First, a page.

While the presidential Primary Election will be a non-event in California,this upcoming Election Day, June 5, will be a relatively quiet one for land use measures in California as well. Only a handful of measures appear on city and county ballots. Perhaps not surprisingly, Orange County features two of the most contentious measures: one to promote affordable housing in Yorba Linda and to create a new commercial center in Cypress.
The trials of Sisyphus are apt metaphors for that moment in the California Environmental Quality Act review process wherein parties believe they have reached the summit but in fact discover themselves at the bottom of the hill, only to repeat their past efforts.
Muting one of the more burdensome requirements of the Subdivision Map Act, the First Appellate has ruled in favor of "multiple sequential adjustments" in Sierra Club v. Napa County Board of Supervisors.
As planners have increasingly embraced the principles of smart growth over the past few years, suburban areas have increasingly borne criticism as examples of how not to plan. This criticism often ignores a crucial point: even if suburbs are imperfect-largely because they promote automobile dependency-they are not necessarily hopeless. A recently completed study led by Prof.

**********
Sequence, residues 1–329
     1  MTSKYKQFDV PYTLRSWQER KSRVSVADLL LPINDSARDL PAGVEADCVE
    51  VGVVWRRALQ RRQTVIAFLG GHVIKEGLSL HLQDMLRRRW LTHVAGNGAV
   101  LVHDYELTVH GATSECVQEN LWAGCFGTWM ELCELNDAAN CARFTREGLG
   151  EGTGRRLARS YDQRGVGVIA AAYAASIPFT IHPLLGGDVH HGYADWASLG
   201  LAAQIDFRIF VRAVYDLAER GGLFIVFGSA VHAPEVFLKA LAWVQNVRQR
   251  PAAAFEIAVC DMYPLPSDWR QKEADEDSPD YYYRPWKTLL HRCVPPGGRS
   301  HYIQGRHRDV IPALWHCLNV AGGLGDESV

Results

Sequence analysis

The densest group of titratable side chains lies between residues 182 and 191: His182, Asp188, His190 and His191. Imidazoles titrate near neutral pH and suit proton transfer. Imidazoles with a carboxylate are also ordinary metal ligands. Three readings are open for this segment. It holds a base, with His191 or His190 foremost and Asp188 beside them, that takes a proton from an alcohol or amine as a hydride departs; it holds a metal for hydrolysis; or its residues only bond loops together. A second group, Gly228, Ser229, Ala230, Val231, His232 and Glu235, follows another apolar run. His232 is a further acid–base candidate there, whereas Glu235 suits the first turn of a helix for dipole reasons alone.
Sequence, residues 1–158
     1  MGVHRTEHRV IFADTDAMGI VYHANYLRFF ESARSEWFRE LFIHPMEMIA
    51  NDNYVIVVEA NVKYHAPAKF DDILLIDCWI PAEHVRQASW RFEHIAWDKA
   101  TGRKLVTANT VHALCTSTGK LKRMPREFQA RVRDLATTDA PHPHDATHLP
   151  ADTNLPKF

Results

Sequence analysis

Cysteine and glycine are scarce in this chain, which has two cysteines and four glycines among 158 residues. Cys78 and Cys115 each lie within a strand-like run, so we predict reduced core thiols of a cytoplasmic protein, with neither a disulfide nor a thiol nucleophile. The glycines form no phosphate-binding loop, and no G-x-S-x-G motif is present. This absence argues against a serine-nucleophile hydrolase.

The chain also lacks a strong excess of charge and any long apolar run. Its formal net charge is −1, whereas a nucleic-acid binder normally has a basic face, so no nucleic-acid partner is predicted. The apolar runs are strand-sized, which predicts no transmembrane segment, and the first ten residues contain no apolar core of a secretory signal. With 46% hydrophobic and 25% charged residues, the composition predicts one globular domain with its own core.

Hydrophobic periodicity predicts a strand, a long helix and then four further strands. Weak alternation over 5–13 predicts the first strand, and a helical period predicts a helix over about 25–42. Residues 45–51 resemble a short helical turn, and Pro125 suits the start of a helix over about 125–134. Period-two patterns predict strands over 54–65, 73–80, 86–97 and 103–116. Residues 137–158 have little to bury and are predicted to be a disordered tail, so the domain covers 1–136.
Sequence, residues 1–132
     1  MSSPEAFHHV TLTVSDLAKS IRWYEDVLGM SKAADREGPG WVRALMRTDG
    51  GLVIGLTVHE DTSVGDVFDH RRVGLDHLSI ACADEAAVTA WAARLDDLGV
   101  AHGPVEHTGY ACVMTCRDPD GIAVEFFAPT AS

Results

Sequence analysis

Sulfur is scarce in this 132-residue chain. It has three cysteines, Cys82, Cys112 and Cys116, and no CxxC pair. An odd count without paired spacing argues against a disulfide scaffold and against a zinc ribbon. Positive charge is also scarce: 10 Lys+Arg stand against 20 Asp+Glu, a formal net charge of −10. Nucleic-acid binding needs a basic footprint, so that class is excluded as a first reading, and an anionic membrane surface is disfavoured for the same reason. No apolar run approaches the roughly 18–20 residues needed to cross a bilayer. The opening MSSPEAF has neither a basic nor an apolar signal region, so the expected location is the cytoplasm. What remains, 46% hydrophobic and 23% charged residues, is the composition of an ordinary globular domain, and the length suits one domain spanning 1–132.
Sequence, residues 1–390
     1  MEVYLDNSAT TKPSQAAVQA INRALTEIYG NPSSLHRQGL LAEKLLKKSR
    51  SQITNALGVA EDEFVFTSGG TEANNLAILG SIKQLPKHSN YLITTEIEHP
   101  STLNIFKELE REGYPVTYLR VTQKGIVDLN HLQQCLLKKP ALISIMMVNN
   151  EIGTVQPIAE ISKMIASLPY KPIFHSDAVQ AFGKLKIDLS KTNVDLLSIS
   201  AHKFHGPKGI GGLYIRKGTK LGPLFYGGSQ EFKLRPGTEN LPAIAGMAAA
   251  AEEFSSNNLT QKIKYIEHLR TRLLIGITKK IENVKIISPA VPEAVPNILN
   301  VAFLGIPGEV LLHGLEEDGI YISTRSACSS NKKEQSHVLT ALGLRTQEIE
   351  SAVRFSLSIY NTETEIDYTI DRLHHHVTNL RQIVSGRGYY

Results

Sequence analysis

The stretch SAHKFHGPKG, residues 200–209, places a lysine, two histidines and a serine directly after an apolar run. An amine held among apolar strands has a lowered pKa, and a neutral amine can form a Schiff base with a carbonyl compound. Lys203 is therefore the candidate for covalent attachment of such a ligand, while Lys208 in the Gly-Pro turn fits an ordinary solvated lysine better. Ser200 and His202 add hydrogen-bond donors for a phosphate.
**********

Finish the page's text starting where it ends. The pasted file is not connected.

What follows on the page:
Observers of the California Environmental Quality Act may find it refreshing when a court lays it on the line. And that is exactly what Division Eight of the Second Appellate District did in addressing CEQA's requirements for baseline selection for projects with future implementation dates. Neighbors for Smart Rail v.
Against all odds, redevelopment isn't quite history yet in California. Some projects continue. Most cities are engaged in a long wind-down process that is consuming considerable time and attention. And the state legislature is considering a variety of options to revive redevelopment, or at least get it back on life support.
Over the past month, California cities have been learning the fate of countless redevelopment projects—touching everything from graffiti-removal programs to nine-figure transit-oriented developments to billion-dollar stadiums. For many, the news is not good – especially now that the California Department of Finance has gotten into the act.
When Axl Rose first stepped off the bus from Indiana, took the stage at the Whisky, and screeched out the opening lines of "Welcome to the Jungle," he probably wasn't thinking about parking. But he might as well have been.